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Video Games' Chaos Echoed In Streets, D.C. Leaders Say

Bill Seeks to Cut Youngsters' Exposure

By Eric M. Weiss and Jose Antonio Vargas
Washington Post Staff Writers
Friday, February 4, 2005; Page A01

District political, religious and community leaders gathered at a Southeast Washington church yesterday to support a proposed ban on the sale of violent and sexually explicit video games to minors. They summed up their objections in a word: poison.

"Why are they selling this game to our children?" said Ronald Moten, a leader of Peaceaholics, which mentors troubled youths in the District and Maryland. He and others drew a direct line between the make-believe mayhem in such video games as Grand Theft Auto and the very real pain they see in their neighborhoods.

Grand Theft Auto 3 is part of video game series in which robbing, killing and intimidation are objectives. (Rockstar Games)

Douglas Lowenstein, president of the Entertainment Software Association, answered questions about video game ratings and the industry.
D.C. Councilmember Adrian Fenty discussed proposed legislation that would ban the sale of violent games.
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The popular video games have become an equally popular target in city halls and statehouses nationwide. D.C. Council members and Mayor Anthony A. Williams (D) yesterday backed a bill that would prevent merchants from selling such games as the Grand Theft Auto series, Halo 2 and Mortal Kombat to minors. A store that violates the law could lose its business license and face a fine of as much as $10,000.

In Maryland, Del. Justin D. Ross (D-Price George's) introduced a bill that would subject vendors who sell or rent violent video games to minors to a fine of as much as $1,000 or six months in jail for each offense. Last year, Virginia legislators considered a bill that would have made the sale, rental, loan or commercial display of a video or computer game to a juvenile a misdemeanor if the game depicted violence against a law enforcement officer.

Legislation is pending in Georgia. And in his State of the State speech yesterday, Illinois Gov. Rod Blagojevich (D) proposed making it illegal for anyone younger than 18 to buy violent or sexually explicit games.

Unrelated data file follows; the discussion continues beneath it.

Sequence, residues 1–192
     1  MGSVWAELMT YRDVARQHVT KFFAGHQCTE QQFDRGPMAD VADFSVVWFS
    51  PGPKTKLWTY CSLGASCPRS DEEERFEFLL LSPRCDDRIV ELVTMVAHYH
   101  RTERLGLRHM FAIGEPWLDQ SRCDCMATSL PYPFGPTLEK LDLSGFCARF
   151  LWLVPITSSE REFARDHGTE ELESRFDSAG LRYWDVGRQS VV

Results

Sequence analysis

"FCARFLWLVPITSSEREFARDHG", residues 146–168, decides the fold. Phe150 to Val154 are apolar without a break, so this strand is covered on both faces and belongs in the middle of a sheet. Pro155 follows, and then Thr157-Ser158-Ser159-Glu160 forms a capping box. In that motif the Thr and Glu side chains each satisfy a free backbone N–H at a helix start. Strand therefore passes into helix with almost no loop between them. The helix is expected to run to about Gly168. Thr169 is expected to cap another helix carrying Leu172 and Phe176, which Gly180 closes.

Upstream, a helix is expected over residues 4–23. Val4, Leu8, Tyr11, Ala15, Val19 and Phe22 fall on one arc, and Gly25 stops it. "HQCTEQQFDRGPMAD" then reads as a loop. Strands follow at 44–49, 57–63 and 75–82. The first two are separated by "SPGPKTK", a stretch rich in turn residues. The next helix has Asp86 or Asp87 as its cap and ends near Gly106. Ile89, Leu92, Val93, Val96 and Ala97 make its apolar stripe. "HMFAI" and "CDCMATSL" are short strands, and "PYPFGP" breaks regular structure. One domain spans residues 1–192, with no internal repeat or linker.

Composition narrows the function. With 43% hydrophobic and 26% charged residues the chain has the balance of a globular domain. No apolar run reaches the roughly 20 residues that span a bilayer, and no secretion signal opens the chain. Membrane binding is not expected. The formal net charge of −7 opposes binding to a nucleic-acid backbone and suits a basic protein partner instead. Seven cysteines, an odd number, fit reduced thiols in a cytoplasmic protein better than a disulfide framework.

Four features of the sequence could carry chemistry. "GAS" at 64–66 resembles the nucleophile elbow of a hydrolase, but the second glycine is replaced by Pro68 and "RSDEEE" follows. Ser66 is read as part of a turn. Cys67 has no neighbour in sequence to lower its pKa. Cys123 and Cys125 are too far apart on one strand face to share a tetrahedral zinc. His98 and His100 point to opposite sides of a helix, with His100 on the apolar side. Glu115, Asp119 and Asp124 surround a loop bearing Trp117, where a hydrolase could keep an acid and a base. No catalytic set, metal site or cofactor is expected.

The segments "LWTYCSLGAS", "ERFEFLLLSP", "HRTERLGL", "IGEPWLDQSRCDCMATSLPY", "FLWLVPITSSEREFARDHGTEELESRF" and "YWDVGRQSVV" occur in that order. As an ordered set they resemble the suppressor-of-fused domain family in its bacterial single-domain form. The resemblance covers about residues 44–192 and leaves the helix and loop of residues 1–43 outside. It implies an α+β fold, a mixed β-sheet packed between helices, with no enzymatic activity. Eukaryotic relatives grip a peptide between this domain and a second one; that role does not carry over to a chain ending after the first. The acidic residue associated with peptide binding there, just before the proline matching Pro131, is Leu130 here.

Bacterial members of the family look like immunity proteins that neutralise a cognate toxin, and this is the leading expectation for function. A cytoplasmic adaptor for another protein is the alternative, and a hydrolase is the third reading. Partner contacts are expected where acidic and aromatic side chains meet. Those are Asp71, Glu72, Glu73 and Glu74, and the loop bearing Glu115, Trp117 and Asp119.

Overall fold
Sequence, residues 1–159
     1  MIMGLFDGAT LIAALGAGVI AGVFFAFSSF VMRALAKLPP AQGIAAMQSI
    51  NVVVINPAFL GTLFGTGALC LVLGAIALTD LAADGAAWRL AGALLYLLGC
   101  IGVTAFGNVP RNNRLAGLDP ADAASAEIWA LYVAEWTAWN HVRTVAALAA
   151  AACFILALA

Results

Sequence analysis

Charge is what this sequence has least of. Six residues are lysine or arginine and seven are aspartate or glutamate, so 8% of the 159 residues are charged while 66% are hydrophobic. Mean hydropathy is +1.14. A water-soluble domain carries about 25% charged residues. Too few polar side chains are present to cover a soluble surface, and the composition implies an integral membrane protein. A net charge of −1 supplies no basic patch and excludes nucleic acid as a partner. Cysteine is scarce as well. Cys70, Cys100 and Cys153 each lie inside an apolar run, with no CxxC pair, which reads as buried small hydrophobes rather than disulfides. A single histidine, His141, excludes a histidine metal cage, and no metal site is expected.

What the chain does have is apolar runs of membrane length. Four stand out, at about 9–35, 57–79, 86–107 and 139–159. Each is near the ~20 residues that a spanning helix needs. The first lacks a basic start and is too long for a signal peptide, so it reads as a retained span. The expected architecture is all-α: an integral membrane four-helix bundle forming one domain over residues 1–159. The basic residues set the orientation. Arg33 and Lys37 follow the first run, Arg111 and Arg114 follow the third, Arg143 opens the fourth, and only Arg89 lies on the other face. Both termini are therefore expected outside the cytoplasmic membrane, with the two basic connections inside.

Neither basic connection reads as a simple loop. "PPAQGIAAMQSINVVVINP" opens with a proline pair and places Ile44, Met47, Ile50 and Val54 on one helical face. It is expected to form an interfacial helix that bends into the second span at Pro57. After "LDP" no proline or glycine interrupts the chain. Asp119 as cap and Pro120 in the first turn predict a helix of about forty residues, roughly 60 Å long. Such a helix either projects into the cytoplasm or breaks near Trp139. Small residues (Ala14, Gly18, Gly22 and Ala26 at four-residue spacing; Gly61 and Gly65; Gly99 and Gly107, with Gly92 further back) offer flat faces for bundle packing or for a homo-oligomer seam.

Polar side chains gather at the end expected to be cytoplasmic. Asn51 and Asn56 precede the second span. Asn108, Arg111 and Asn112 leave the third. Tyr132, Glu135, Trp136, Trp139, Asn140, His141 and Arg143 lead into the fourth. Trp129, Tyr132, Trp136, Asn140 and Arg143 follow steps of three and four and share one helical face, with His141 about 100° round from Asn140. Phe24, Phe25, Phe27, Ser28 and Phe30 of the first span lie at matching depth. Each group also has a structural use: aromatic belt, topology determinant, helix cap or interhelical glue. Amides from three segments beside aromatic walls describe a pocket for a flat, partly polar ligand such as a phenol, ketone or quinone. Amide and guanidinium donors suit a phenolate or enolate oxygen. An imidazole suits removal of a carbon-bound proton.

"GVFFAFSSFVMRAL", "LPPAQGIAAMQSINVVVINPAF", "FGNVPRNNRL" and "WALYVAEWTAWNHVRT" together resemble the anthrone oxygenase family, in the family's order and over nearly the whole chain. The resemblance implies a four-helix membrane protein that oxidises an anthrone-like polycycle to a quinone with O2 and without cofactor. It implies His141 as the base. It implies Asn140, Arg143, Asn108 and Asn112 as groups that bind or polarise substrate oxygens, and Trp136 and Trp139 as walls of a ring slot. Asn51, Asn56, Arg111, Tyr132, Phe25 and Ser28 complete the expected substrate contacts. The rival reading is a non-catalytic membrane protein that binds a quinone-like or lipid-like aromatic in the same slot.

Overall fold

"For the same reason we don't allow kids to buy pornography, for the same reason we don't allow kids to buy cigarettes, for the same reason we don't allow kids to buy alcohol, we shouldn't allow them to go to stores and buy video games," Blagojevich said.

Visual realism has been the hallmark of the best-selling video games, whose revenue in recent years have almost rivaled Hollywood box office sales. Last year, U.S. sales of video games -- with Grand Theft Auto: San Andreas and Halo 2 leading the pack -- set a record at $7.3 billion. U.S. box office receipts last year were $9.2 billion.

In the Grand Theft Auto series, one of the more controversial ways that players can advance is by stealing cars and shooting police officers. The latest installment includes the voice of the actor Samuel L. Jackson as a corrupt cop. The game, published by Rockstar Games, was selected game of the year at the second Video Game Awards in December.

Set in San Andreas, a fictional version of South Central Los Angeles, and featuring black and Latino characters, the game has been targeted by politicians in recent months. Council member Adrian M. Fenty (D-Ward 4), in announcing his legislation at the news conference, held up a copy of the game, and community activists wore T-shirts with a red "X" on a scene from the game.

"Parents want a reliable way to choose the video games most appropriate for the ages, tastes, and interests of their family members," Rockstar Games said in a statement. "Just like some movies are rated R, some games are rated M because they are intended for ages 17 and older. . . . Mischaracterizing Grand Theft Auto and confusing entertainment with real life social problems is completely unwarranted. . . . The game represents cutting edge art, technology, and entertainment and has been greeted with critical acclaim and enormously positive consumer response across the globe."

Legal experts said legislation that banned sales of the games to minors has been struck down in the courts on free-speech and other grounds.

In the District, the handful of outlets that sell Grand Theft Auto games said they already enforce the industry age restrictions, which prohibit sales to anyone younger than 17.

A representative of Best Buy, which has an outlet in Tenleytown and is one of the largest retailers of video games in the city, said proof of age is required at the register to buy a game that is rated mature. The chain does not carry adult-only games, he said.

Blockbuster outlets in the city rent Grand Theft Auto games but not to those younger than 17 unless authorized by a parent, a company spokesman said.

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